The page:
In Washington, Florida Rep. Connie Mack, the Republican chairman of the House Foreign Affairs Western Hemisphere subcommittee, frankly told MSNBC's Morning Joe that, "we don't know what's going on in Haiti.'' He struggled to elaborate: "I mean there's been so much corruption in Haiti,'' he said. "Obviously after the tragic events in Haiti, there was a lot of outpouring of support from this country, from the citizens of this country. But we're not seeing it being managed properly and we're not seeing that we're getting the results that we want.''
The Obama administration also expressed concern and worry that Duvalier's sudden appearance could have "an unpredictable impact'' on Haiti's delicate political state. Haiti's government, meanwhile, sought to downplay Duvalier's presence and its impact on the country as it wrestles with who will follow President René Préval's five-year presidential term.
The government announced that a controversial report on the presidential elections will officially be handed over to the Provisional Electoral Council, which will determine which candidates among the three front-runners should advance to a runoff.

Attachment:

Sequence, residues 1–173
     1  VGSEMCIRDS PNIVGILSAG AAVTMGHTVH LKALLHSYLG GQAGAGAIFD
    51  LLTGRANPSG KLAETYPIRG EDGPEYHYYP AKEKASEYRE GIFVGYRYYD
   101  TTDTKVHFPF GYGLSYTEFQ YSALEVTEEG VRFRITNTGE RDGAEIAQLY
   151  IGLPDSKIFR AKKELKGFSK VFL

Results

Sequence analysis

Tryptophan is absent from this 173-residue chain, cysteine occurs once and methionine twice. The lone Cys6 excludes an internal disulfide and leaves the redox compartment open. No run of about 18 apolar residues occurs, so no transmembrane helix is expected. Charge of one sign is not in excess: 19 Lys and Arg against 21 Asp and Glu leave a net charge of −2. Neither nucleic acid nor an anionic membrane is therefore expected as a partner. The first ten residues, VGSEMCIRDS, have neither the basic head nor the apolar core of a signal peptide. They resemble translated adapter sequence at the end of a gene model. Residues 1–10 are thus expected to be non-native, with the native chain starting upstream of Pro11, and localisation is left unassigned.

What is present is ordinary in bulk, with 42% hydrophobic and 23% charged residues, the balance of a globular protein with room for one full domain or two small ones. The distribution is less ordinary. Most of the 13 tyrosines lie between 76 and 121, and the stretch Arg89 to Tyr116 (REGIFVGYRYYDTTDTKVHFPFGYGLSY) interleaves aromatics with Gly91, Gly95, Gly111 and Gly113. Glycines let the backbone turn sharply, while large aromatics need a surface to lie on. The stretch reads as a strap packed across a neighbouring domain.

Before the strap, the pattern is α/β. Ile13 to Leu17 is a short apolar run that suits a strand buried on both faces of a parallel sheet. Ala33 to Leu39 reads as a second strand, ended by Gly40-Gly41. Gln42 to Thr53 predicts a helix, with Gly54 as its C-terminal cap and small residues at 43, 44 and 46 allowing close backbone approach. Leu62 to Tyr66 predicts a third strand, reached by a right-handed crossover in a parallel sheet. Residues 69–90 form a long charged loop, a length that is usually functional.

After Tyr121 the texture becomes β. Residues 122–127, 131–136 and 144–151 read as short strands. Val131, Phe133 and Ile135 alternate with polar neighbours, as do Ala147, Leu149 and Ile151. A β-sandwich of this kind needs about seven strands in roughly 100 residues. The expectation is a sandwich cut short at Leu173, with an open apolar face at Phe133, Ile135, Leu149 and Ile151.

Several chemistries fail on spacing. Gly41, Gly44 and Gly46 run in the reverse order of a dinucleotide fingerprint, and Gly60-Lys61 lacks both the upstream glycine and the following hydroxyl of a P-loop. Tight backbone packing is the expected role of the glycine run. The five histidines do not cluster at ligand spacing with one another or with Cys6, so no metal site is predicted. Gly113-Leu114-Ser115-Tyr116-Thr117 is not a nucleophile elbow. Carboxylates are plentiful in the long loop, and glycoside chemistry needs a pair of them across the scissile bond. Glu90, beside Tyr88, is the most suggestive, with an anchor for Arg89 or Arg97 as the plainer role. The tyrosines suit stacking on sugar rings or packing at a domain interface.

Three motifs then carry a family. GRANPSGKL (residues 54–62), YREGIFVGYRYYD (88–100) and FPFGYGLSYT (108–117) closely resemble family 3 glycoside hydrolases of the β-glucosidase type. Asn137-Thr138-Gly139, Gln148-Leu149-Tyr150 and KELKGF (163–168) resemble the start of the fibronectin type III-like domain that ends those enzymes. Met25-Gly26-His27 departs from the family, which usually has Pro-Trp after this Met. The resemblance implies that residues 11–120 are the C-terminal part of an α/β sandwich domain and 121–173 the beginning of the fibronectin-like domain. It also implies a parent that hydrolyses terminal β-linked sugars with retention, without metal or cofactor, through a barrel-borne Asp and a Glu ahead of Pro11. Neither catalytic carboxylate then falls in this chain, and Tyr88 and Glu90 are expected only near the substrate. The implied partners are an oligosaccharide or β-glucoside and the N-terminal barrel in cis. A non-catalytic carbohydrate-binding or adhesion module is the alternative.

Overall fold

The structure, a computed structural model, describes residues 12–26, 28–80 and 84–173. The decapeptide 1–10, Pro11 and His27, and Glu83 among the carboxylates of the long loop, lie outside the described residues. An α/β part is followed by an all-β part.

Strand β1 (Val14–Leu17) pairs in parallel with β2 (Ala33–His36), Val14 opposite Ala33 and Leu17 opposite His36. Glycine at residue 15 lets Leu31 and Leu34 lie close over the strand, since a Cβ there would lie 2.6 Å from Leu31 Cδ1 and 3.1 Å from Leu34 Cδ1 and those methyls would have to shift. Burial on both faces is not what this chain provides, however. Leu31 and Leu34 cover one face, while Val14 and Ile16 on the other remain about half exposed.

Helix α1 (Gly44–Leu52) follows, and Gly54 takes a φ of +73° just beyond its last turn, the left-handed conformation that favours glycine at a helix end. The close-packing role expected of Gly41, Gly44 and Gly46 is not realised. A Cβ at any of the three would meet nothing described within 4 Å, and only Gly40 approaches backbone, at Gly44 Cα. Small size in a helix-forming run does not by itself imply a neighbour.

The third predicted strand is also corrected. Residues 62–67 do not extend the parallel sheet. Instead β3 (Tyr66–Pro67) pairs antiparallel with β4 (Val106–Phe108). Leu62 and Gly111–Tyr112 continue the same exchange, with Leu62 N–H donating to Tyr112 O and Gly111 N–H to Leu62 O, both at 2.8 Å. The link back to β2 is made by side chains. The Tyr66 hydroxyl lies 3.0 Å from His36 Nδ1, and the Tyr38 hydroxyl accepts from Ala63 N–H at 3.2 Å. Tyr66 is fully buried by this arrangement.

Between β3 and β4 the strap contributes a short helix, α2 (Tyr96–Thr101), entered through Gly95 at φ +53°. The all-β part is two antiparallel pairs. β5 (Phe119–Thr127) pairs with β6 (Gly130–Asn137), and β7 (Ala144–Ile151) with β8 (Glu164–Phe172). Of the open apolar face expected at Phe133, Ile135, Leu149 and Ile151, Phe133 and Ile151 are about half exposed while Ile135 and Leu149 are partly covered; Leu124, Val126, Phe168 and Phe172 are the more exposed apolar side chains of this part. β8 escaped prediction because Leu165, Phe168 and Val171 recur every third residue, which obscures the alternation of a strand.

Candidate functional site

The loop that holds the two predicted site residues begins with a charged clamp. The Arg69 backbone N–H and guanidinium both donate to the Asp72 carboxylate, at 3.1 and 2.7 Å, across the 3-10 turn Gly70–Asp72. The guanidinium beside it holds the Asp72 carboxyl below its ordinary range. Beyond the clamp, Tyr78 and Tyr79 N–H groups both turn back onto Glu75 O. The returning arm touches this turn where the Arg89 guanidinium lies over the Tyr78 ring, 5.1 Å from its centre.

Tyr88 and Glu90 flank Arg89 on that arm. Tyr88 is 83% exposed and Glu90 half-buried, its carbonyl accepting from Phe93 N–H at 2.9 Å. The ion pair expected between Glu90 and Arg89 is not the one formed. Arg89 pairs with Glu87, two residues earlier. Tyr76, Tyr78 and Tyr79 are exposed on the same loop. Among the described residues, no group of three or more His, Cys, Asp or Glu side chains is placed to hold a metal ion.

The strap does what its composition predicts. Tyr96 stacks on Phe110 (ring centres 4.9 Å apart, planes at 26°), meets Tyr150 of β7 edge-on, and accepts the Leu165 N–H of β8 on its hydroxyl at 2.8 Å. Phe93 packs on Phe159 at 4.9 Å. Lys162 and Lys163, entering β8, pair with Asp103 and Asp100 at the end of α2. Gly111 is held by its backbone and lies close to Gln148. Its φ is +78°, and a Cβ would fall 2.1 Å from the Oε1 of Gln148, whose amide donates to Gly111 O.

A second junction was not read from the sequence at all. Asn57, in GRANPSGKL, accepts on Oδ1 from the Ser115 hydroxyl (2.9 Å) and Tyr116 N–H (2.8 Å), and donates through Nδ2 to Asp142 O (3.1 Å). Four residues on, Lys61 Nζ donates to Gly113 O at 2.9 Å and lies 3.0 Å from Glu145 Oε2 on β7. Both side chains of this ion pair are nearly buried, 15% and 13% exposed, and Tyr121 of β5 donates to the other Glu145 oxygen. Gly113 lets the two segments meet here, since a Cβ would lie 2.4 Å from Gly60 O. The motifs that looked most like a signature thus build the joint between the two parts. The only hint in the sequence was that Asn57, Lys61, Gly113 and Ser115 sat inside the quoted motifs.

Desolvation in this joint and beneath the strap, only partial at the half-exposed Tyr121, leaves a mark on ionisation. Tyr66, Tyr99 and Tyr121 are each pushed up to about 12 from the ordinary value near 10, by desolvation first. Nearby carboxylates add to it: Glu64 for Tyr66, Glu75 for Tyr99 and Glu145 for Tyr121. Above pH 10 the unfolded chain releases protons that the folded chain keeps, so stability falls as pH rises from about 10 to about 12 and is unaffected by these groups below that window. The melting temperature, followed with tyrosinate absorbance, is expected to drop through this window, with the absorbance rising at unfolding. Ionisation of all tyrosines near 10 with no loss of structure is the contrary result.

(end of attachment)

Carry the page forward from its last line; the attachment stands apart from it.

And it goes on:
José Miguel Insulza, secretary general of the Organization of American States, said Monday that he
But the focus this week was less on who would enter the runoff and more on Duvalier. Throughout the capital, victims relived trauma as
Duvalier's companion, Veronique Roy, spoke to an Associated Press reporter by phone from inside the court and when asked if Duvalier had been arrested, said, "Absolutely not.''
Before being released, he was at the Parquet, the name of a downtown courthouse used for some of Haiti's more serious prosecutions. Outside, a crowd gathered and changed "Arrest Préval,'' seemingly expressing their dissatisfaction with Duvalier's detention.
Human rights groups in Haiti and the United States had demanded Duvalier's arrest as victims, such as United Nations official Michele Montas, relived trauma from the Duvalier's reign of terror.
"What bothers me the most is the fact that so many people seem to have forgotten what happened,'' she said.
Information from the Associated Press was used in this report.